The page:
Friday, April 3, 2009

The Return of the Persistent Quartz Job

Finally I managed to understand the persistent job and make it work reliably: for your stateful job and the trigger volatility should NOT be true. Even setting durability to true can cause problems as it would persist orphan jobs that we may not need. If the intention is to just prevent loss of jobs during system re-starts, it is enough to set requests recovery to true. That's it. Simple is beautiful :).

Thursday, April 2, 2009

Caching Method Invocation Results

Worked on setting up a cache for a method invocation fetching results from a webservice using Spring Cache AOP and EHCache in a Spring-Maven environment.Long live sourceforge! The spring cache java doc is pretty helpful and this article by Pieter Coucke expands on what you read in the java doc. You can also have a look at my complete configuration (which works) and is based on the article and the java doc.

And if you are using Maven, you would need to add dependencies for ehcache and spring cache.


Wednesday, April 1, 2009

Another Way of Starting ActiveMQ Broker in Spring

I had posted a blog about running an ActiveMQ broker in Spring. Recently, I found an alternative way to start an ActiveMQ message broker in spring environment by injecting a bean based on org.apache.activemq.xbean.XBeanBrokerService:

<bean id="broker" class="org.apache.activemq.xbean.XBeanBrokerService">
<property name="useJmx" value="true"/>
<!-- this tells it to create a filesystem store -->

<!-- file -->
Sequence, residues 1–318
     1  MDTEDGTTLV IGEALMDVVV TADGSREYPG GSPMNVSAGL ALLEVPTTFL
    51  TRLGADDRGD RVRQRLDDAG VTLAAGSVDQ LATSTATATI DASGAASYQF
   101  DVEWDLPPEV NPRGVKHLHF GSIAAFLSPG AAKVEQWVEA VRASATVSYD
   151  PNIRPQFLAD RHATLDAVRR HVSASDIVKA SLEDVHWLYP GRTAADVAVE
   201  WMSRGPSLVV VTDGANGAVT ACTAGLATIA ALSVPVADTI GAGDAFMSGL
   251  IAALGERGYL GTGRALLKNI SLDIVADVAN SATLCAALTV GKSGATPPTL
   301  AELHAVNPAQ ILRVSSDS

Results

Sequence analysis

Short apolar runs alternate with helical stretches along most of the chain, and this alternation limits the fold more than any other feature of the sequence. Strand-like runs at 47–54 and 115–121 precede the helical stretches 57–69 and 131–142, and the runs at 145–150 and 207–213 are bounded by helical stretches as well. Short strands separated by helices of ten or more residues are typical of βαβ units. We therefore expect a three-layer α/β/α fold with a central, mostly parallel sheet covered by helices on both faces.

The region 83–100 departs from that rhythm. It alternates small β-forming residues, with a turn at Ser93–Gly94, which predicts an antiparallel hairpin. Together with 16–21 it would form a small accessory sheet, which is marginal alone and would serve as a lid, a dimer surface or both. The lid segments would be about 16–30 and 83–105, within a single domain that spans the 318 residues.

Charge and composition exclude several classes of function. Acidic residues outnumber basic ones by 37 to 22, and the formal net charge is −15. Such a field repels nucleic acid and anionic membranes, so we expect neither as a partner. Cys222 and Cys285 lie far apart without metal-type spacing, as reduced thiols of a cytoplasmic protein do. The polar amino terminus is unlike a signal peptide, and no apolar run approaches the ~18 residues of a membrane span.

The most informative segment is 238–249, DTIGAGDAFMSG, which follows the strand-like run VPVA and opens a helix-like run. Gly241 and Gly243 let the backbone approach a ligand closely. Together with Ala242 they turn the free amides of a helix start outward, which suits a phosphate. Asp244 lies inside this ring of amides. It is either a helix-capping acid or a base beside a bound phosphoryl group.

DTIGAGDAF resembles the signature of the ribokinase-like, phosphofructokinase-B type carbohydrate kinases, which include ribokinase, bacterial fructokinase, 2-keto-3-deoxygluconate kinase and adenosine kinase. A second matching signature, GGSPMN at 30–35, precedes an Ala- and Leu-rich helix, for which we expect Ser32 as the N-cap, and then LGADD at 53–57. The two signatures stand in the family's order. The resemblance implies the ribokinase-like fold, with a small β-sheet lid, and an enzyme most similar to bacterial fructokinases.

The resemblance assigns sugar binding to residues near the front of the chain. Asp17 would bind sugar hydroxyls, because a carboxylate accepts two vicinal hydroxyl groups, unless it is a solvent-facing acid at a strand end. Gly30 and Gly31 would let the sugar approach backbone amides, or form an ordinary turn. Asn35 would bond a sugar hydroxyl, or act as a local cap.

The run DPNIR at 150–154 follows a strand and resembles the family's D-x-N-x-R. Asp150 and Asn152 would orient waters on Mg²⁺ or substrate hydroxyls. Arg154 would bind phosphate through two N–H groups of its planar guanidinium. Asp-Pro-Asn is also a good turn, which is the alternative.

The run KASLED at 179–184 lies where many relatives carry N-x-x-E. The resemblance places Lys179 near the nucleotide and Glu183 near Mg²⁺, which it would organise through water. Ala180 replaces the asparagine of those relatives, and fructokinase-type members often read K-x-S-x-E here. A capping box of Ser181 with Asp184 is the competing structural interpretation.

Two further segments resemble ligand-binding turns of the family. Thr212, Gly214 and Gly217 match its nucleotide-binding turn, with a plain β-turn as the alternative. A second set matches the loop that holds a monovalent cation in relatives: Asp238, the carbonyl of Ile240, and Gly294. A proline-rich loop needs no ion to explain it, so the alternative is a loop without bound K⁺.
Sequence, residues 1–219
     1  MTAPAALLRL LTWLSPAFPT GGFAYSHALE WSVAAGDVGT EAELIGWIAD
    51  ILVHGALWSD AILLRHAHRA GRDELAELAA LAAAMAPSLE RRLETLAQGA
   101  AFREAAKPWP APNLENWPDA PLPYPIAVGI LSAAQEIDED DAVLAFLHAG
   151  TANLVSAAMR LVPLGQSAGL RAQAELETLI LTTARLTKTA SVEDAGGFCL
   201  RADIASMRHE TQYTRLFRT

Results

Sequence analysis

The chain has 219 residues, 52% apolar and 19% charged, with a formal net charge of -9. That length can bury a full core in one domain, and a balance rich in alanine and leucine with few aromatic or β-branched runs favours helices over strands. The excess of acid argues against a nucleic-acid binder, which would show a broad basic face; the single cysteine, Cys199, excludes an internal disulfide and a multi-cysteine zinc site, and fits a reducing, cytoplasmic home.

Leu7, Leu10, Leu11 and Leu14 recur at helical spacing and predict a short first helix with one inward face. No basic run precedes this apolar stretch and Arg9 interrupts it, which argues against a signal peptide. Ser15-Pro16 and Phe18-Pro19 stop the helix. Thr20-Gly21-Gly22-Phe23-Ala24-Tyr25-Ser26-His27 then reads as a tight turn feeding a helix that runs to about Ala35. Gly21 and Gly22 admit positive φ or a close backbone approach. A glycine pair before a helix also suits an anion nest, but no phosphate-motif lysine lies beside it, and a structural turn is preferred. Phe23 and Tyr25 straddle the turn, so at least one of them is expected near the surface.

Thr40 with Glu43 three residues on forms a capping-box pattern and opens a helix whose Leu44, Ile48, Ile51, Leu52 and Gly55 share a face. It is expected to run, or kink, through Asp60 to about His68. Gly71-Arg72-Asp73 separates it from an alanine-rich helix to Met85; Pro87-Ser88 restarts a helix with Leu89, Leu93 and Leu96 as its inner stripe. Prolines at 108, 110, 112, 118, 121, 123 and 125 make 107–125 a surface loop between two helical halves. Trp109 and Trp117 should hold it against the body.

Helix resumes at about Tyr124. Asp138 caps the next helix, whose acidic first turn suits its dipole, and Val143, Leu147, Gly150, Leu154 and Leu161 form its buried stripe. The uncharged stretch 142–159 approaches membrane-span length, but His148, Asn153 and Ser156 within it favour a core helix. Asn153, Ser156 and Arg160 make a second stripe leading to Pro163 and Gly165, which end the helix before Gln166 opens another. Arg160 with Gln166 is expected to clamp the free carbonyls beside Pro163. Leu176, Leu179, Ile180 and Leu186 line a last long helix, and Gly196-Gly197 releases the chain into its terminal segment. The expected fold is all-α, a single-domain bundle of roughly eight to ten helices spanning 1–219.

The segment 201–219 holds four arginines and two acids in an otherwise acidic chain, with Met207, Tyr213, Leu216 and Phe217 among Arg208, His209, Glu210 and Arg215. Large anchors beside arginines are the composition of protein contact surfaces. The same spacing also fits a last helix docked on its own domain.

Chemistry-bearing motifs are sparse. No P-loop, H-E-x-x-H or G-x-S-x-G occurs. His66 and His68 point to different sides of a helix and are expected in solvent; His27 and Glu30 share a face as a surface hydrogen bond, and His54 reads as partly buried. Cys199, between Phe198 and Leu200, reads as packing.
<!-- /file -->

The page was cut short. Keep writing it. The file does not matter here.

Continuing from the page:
<property name="persistent" value="true"/>
<property name="brokerName" value="mySpringBroker"/>
<!--the queues/topics that this broker starts with-->
<property name="destinations">
<ref bean="destination1"/>
<ref bean="destination2"/>
<property name="transportConnectors">
<!-- an in vm connector which is nice and fast -->
<bean class="">
<property name="uri" value="vm://localhost"/>
<!-- a connection for external clients specifying the IP of machine deploying the broker, something like tcp:// Here read from a properties file but can be hard-coded as well-->
<bean class="">
<property name="uri" value="${broker.transportExternalConnectorUri}"/>

<bean id="destination1" class="org.apache.activemq.command.ActiveMQQueue">
<constructor-arg value="com.saveenkumar.myQueue1"/>

<bean id="destination2" class="org.apache.activemq.command.ActiveMQQueue">
<constructor-arg value="com.saveenkumar.myQueue2"/>

In fact,the package org.apache.activemq.xbean provides various options (beans) to start the broker in a spring environment.

The Wierd Persistent Quartz Job

I recently faced a problem with getting quartz to persist the jobs in case of a scheduler shut down. Penning down how it got solved (with Ben's help). 

Also, when I configured my stateful job, I set volatility and request recovery to true besides putting in job class, name and group. Sadly, the job never-ever persisted when the system re-started. 

Miraculously, this started working fine when config was replaced by this configuration (only scheduler config is different).

Plus when I configured the stateful job, I set durability to true and always put in job class, name and group. Of course you can add what you want to the data map (as long as it is Serializable). 

What I don't understand is that even when I have not set either volatility or request recovery to true, how setting only durability to true takes care of persisting the Job between shutdowns and startups. Whatever it takes to make it work... Quirky but may be helpful to you if you face a similar problem. Cheers.